(NECN: Josh Brogadir, Springfield, Mass.) - Throughout the tornado zone in Massachusetts, many people have resolved their insurance claims.
But some have not.
Here's one couple's story.
Michael Gossman filled out insurance paperwork one day shy of one year since he snapped a cell phone picture of the deadly tornado hurtling over the Connecticut River.
This is what it looked like inside his Springfield, Mass. apartment.
He and his girlfriend Bea Puglise are still trying to settle a $30,000 claim.
"It seems like every time you get up to take two steps forward, you're taking three or four back. Sometimes you just don't know where to go or who to talk to," Puglise said.
One year later, 98 percent of tornado insurance claims have been resolved, this couple is among the other 2 percent that the Mass. Division of Insurance and Develop Springfield are trying to help.
"It sounded like there were a lot of months that they were going back and forth where we probably could have helped them resolve the issue a long time ago," said Tom Walsh, an insurance examiner at the Mass. Division of Insurance.
The storm damage is no doubt significant, but has taken an unexpected emotional toll.
"I've been talking to a doctor, a therapist," said Gossman. "I call it tornado stress, they were talking post traumatic stress because of recollections showing this is the week that was a year later. It's almost a flashback thing."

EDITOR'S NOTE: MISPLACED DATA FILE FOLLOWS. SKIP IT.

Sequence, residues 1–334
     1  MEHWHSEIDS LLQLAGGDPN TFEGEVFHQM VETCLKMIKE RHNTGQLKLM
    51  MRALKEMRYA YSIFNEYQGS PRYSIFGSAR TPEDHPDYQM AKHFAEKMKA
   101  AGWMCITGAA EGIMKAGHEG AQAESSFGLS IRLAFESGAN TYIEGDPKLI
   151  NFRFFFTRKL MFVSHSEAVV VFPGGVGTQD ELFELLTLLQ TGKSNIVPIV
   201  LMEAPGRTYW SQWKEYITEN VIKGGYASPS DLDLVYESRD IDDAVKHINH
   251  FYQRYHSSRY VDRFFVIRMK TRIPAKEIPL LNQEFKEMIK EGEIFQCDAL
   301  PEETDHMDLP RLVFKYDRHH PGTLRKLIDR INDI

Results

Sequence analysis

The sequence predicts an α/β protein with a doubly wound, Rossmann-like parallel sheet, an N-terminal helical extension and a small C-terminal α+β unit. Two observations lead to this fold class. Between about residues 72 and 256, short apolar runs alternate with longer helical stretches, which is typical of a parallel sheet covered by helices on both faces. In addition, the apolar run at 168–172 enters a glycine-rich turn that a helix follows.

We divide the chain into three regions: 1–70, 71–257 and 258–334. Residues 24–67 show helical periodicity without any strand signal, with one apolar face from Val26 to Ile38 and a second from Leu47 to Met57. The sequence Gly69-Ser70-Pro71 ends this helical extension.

"He's screaming shut it off, shut the TV off. And I was sitting there and I was crying, I was hysterical because they showed our apartment," Puglise said.
The walk down their old street reveals buildings being fixed and now-empty lots where buildings once stood.
After renting a fourth floor loft for 20 years in downtown Springfield, Michael and Bea are living in Holyoke, Mass. for now.
They're hoping to get their legal and financial issues resolved - and when the apartment is fixed up, to move back in.
"It's just too bad that we have to see this and it's a year later and we're still looking at it," Gossman added.
All 32 of these apartments are still vacant.
Michael and Bea say they have been having issues with the landlord. They have taken him to housing court.
NECN tried to reach the landlord for comment, but did not hear back.